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Macadamia (Macadamia nut genus)

Life > eukaryotes > Archaeoplastida > Chloroplastida > Charophyta > Streptophytina > Plantae (land plants) > Tracheophyta (vascular plants) > Euphyllophyta > Lignophyta (woody plants) > Spermatophyta (seed plants) > Angiospermae (flowering plants) > Eudicotyledons > Order: Proteales > Family: Proteaceae

Ten species, native to subtropical eastern Australia, Indonesia and New Caledonia. Macadamia nuts come from Macadamia integrifolia (Smooth macadamia nut) and Macadamia tetraphylla (Rough macadamia nut). Besides the two nut-producing species, Macadamia ternifolia is also cultivated in southern Africa.

The 10 species of Macadamia are native to subtropical eastern Australia, Indonesia and New Caledonia. Two Australian species, the Smooth Macadamia Nut Macadamia integrifolia and the Rough Macadamia Nut Macadamia tetraphylla have been cultivated for their nuts since about 1860. In the 1880's cultivation spread from Australia to Hawaii and in both places, new cultivars were produced, often involving hybridisation of the two species which are interfertile. Macadamia nuts are now grown in other parts of the world including Central America and South Africa. Prior to their cultivation, wild macadamia nuts were harvested by Australia Aborigines by picking up fallen nuts. This method of collection is evidently still used in cultivated orchards but it is time consuming and methods of mechanical harvesting are being investigated.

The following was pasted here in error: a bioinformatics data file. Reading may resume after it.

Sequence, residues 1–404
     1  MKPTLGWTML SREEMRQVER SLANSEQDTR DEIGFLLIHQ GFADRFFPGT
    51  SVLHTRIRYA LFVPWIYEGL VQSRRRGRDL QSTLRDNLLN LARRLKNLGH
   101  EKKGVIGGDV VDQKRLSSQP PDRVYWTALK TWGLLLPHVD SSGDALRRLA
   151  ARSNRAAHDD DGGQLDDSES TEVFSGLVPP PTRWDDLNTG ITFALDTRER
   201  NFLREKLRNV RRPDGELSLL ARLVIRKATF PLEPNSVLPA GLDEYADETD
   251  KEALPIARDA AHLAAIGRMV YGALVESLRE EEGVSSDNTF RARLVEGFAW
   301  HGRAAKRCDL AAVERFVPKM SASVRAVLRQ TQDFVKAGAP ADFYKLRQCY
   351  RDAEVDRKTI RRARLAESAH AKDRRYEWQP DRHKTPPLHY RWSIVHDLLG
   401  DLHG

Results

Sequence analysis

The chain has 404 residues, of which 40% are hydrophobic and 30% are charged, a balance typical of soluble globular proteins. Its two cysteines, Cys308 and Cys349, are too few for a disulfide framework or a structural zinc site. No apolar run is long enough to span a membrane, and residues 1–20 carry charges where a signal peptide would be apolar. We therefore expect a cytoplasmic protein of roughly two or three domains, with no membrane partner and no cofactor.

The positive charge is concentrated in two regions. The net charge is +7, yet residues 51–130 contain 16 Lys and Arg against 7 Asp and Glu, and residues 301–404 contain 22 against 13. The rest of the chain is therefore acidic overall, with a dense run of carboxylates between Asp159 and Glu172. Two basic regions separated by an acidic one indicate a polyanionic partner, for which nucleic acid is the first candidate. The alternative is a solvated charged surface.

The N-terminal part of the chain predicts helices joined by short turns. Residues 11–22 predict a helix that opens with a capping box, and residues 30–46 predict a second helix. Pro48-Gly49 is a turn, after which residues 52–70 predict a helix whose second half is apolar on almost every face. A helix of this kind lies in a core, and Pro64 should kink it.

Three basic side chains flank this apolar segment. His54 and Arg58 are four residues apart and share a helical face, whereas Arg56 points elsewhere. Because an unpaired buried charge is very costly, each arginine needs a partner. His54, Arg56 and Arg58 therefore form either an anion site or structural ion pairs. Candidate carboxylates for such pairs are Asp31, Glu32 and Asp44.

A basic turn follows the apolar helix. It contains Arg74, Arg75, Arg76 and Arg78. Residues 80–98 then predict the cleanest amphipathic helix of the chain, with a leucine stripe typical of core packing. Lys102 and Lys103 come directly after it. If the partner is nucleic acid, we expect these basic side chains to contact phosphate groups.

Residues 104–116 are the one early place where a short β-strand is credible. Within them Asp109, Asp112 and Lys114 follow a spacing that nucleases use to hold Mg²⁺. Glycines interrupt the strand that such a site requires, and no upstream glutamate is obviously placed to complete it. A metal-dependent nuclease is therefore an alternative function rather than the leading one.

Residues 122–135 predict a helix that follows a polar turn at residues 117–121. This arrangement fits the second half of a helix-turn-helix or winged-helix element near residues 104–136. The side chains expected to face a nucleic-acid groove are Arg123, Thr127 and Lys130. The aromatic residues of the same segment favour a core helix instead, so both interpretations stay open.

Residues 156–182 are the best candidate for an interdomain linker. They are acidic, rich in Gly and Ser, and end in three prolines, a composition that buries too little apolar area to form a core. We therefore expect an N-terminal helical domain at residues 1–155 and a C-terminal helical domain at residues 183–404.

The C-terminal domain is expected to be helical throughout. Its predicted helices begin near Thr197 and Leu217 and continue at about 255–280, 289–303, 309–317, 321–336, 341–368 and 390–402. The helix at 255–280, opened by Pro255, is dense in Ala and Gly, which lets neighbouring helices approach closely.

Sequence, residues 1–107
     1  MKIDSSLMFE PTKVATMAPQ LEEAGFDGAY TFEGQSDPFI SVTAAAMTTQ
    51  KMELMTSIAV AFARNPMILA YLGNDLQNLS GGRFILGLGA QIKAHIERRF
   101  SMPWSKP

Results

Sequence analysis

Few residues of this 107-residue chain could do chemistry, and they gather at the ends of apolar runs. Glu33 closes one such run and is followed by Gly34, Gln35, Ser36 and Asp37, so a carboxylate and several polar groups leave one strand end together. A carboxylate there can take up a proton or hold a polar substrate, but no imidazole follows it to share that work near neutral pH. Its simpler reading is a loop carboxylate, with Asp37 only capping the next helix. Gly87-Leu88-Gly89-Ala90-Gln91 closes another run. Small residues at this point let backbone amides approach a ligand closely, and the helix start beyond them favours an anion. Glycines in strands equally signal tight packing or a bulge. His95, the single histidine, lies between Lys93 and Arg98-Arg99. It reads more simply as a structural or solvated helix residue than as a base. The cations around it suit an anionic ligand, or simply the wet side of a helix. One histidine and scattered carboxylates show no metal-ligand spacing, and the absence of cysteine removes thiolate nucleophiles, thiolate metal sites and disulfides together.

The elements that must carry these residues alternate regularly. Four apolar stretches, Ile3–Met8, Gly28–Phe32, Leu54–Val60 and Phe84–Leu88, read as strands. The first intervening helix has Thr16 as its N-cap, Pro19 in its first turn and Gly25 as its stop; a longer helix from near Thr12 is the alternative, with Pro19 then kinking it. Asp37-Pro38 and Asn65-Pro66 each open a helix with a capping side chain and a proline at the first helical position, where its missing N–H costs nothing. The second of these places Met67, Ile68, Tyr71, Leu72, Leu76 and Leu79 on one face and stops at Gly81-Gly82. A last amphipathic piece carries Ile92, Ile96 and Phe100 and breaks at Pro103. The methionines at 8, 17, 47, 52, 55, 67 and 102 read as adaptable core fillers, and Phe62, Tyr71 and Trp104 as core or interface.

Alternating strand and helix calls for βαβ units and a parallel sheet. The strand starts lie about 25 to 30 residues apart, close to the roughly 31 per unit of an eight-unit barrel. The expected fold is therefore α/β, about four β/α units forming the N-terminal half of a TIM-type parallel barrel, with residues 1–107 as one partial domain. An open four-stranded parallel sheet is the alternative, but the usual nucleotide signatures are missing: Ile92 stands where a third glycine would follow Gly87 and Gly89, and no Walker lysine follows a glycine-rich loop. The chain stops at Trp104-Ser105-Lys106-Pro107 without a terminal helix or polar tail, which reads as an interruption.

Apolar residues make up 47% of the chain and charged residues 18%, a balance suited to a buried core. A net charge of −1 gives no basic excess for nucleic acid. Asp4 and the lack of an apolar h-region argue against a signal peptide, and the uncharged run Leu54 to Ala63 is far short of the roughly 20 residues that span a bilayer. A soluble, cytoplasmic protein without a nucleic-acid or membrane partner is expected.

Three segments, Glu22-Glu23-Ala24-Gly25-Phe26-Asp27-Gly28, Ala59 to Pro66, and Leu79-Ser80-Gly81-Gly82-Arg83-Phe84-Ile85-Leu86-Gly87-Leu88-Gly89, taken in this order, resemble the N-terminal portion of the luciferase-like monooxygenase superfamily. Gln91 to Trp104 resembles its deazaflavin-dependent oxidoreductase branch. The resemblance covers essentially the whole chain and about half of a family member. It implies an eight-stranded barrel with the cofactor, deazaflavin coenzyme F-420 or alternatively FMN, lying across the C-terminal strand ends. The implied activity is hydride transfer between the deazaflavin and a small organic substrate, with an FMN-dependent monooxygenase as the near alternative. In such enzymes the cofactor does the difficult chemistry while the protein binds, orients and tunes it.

Macadamia trees have similar soil and climatic requirements to Avocado trees and have been grown successfully in areas where Avocados have been killed by soil fungus disease.

The fat content of Macadamia nuts is high, amounting to about 72%, primarily made up of monounsaturated fats. They are an excellent source of copper, magnesium and thiamin and a good source of iron and niacin.

Besides the two nut-producing species, Macadamia ternifolia is also cultivated in southern Africa.

Uses

  • They are a popular snack, eaten be eaten raw or roasted.
  • Chopped macadamias add texture and flavour to curries, salads, rice dishes, baked goods, sweets and ice cream.
  • Nuts can be ground into a creamy butter used as a spread.
  • Oil from pressed nuts is added to salads or used in cooking.

References

  • Anon. 2002. Encyclopedia of Foods. A Guide to Healthy Nutrition. Academic Press, San Diego, California. 

  • Sauer, J.D. 1993. Historical geography of crop plants - a select roster. CRC Press, Boca Raton, Florida.

Text by Hamish G. Robertson


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